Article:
After the wait, Cameron leaves us with more uncertainty

EU UK FlagsCameron has finally delivered his much anticipated speech on Europe.  Thanks to the long wait, we largely knew what he was going to say before he actually said it.  Nevertheless, where we might have hoped for more detail and clarification, Cameron has just created more uncertainty. 

Cameron has said he wants a referendum on a reformed EU, but apart from some vague notions, we don’t really know where he thinks there needs to be reform.  Where are his red lines?  What does he believe absolutely must change in order for Britain to stay in?  It’s interesting to note that in all subsequent interviews, Cameron has skirted round the question of whether he will campaign for an ‘out’ vote if he doesn’t get the reform he wants.

So not only has Cameron left us uncertain about what he wants, he has also created huge uncertainty about Britain’s future in Europe – and this won’t be settled for another 5 years.  It is tantamount to putting up a “Closed for Business” sign at the UK’s borders as international companies won’t think about setting up in the UK if they fear our EU membership, and thus their access to the world’s largest single market, is in doubt.  And it’s not just Labour saying this, leading figures ranging from Richard Branson, Barack Obama, and even people in Cameron’s own party, have all stated that putting our EU membership in doubt will cost jobs in Britain.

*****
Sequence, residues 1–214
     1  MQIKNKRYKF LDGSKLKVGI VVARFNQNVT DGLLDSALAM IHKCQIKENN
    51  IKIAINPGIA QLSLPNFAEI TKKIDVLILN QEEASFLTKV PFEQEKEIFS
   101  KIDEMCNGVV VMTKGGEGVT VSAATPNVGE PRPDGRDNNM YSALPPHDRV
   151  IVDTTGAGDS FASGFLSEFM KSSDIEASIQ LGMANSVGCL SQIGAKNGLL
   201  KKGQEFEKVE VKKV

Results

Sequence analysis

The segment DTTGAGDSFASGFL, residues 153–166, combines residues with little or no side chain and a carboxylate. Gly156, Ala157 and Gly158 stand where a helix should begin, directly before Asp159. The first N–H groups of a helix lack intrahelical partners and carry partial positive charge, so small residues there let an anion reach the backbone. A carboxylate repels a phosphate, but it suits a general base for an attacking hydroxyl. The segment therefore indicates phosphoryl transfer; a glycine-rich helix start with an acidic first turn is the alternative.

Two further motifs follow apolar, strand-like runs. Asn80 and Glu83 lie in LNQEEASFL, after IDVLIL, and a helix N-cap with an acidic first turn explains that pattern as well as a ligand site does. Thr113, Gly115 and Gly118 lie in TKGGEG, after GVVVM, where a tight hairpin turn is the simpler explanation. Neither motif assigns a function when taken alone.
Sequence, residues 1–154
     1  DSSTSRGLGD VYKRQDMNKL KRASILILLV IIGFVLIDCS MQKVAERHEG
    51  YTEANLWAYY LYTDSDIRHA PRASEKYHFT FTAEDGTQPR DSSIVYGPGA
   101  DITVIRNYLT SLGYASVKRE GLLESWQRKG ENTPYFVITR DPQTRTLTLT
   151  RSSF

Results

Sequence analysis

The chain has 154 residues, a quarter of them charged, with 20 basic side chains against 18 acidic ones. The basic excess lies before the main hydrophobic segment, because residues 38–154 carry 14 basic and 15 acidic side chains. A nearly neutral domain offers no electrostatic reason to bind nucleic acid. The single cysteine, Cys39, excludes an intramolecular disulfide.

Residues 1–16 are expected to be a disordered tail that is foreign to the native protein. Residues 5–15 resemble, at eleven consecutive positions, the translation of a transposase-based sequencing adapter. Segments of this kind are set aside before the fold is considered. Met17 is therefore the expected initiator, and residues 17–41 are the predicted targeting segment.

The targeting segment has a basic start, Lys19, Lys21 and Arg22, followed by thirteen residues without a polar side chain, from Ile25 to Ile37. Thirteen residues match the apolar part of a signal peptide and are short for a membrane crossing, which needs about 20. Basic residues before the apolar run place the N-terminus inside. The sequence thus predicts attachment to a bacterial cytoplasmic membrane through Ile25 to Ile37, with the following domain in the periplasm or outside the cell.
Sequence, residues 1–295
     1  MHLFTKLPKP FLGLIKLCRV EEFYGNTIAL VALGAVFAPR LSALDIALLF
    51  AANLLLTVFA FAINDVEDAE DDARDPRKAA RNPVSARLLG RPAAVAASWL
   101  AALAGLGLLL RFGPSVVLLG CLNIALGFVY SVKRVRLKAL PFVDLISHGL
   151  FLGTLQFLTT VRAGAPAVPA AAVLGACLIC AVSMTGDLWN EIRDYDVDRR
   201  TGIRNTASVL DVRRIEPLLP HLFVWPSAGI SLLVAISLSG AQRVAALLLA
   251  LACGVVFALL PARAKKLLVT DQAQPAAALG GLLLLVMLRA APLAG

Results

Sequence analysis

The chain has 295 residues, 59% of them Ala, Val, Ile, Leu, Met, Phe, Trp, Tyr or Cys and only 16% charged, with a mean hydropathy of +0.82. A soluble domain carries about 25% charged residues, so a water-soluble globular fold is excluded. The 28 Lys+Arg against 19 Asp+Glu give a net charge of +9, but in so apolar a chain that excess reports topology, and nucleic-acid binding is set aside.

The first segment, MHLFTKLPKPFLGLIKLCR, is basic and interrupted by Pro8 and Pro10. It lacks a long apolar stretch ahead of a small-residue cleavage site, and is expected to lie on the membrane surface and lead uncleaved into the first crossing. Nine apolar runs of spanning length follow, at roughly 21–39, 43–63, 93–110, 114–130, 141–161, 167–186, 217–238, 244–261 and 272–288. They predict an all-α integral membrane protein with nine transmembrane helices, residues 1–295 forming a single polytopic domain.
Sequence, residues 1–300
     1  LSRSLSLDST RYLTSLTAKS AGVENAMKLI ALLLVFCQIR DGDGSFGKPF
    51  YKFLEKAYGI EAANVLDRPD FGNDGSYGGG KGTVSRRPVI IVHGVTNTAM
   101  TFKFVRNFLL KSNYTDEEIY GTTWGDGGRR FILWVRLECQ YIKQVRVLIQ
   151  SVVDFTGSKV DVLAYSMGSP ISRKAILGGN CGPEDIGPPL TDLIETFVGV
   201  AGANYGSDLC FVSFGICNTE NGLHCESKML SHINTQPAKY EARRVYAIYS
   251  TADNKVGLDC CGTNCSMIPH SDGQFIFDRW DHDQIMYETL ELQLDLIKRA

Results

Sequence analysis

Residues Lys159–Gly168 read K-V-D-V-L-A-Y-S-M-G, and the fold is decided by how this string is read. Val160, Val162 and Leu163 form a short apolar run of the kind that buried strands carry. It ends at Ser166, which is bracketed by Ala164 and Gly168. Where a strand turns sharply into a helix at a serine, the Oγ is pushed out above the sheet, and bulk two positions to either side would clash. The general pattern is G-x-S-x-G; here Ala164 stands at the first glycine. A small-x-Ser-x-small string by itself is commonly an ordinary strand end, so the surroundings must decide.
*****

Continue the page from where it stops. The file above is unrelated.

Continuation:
Meanwhile, with more than a million young people unemployed in the UK, our priority should be focussing all our energy on creating jobs and growth.   This is what Labour MEPs are trying to do.  We know that the EU isn’t perfect, but we also understand that we will get reform by working with our European partners, not by blackmailing them with threats of a British exit if we don’t get what we want. 

Ultimately, as Ed Miliband has pointed out, Cameron isn’t thinking about what’s really in the interest of British people and British workers, he’s just trying to keep his party on side.  Cameron has said he doesn’t want Britain to leave the EU but he’s let his party force him into offering a referendum and, if he isn’t careful, they will end up forcing him through the exit door.

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  1. Geoffrey Machen says:

    A United States of Europe is the way forward and the most exiting topic in politics inall my 47 years as Bralborough Branch secretary . fraternally Geoff Machen.

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